The credit impact of carbon transition is ‘manageable’ for most oil and gas exporters, although a more ambitious transition would increase credit pressure on a number of sovereigns, Moody’s said on Tuesday.
“Our central scenario is consistent with still-rising, albeit slower, growth in global hydrocarbon demand and prices, which would dampen the credit impact of carbon transition for sovereign hydrocarbon exporters,” said Steffen Dyck, a vice president and senior credit officer at US ratings agency Moody’s.
“However, carbon transition would complicate efforts by lower-rated sovereigns to strengthen their fiscal and liquidity positions,” said Dyck. “Notably, Oman’s and Papua New Guinea’s fiscal strengths would erode. And carbon transition would add pressure to Bahrain’s already very low fiscal strength and high external vulnerability.”
Moody’s central scenario, which underpins its assessment of the credit risks resulting from carbon transition, is the International Energy Agency’s (IEA) New Policies Scenario, which assumes that all countries implement their Nationally Determined Contributions (NDCs) as agreed under the Paris Agreement on Climate Change. Specifically, the scenario involves global oil and gas demand and prices continuing to increase over the next two decades, albeit at a slower pace.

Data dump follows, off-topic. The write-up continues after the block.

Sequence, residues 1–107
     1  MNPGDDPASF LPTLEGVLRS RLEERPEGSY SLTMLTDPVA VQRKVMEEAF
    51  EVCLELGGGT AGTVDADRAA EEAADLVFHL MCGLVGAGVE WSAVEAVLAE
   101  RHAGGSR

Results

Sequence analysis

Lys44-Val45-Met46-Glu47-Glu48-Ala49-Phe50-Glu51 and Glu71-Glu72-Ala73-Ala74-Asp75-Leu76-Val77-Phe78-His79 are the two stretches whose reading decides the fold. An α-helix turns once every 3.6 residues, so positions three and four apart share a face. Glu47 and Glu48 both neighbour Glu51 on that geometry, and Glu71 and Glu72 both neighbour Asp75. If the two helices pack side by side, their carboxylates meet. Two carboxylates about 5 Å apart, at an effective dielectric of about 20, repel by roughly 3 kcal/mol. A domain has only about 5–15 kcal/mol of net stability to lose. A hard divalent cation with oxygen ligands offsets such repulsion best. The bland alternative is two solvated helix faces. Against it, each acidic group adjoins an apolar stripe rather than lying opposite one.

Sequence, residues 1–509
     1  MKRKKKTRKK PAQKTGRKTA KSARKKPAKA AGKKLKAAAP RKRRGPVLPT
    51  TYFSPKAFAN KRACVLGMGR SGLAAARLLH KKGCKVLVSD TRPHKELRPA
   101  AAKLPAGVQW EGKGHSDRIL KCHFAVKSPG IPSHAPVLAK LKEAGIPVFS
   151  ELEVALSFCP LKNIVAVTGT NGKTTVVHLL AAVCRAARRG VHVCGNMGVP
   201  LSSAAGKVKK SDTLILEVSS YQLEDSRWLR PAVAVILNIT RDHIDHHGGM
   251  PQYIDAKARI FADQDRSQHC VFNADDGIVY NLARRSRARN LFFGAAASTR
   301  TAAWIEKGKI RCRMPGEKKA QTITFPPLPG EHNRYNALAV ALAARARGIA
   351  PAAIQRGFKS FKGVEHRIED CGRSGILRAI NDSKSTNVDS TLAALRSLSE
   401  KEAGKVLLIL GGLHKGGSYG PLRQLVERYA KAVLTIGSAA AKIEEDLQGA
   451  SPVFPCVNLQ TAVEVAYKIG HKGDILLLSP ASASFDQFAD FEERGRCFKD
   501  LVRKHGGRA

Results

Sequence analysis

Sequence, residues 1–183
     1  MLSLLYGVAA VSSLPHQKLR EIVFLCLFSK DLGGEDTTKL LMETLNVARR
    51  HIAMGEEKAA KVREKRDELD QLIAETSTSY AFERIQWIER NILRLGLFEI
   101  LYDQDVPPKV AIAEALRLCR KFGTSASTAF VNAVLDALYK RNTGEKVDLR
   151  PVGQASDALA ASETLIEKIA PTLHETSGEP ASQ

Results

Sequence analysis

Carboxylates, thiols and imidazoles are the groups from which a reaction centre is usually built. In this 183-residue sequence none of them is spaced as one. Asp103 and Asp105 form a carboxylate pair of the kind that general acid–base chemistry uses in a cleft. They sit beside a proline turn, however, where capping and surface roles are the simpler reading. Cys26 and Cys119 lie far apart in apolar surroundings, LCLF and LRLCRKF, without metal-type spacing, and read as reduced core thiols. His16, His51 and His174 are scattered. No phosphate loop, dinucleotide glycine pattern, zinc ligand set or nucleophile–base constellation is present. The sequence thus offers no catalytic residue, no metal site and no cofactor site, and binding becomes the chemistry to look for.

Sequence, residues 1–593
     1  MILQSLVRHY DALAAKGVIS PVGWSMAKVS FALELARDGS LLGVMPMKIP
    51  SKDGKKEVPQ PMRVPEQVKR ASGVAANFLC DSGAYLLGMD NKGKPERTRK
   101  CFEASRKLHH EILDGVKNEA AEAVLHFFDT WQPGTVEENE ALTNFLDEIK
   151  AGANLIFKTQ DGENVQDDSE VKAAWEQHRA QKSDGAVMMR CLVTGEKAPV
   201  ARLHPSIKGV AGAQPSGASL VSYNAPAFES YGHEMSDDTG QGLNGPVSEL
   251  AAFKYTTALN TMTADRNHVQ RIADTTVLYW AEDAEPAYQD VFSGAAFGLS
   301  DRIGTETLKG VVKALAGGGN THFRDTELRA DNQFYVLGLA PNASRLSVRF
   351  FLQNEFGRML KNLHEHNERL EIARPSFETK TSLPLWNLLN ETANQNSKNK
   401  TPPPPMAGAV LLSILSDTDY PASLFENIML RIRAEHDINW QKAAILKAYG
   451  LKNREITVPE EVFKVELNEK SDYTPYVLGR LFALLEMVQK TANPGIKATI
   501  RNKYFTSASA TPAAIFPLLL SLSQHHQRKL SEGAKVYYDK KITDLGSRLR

Moody’s uses the IEA’s projections for hydrocarbon demand and prices to assess the credit impact on a sovereign’s credit profile through three main channels – economic strength, fiscal strength and external vulnerability – and assuming no policy changes or other adjustments in the economy or public finances. .
The IEA’s Sustainable Development Scenario – which assumes energy consumption and production patterns consistent with fulfilling sustainable development goals – would see a more pronounced shift, with a fall in global oil, and later gas, demand and prices.
The policy measures and technological changes that would deliver the more ambitious transformation of energy sectors implied by this scenario have not materialised yet, making it, at this stage, a lower probability case.
If it materialised, this scenario would raise greater and more widespread credit challenges, according to Moody’s analysis, in particular for Oman and Saudi Arabia. The UAE and Qatar would also face pressure, although only over the long term and with sizeable buffers to provide support.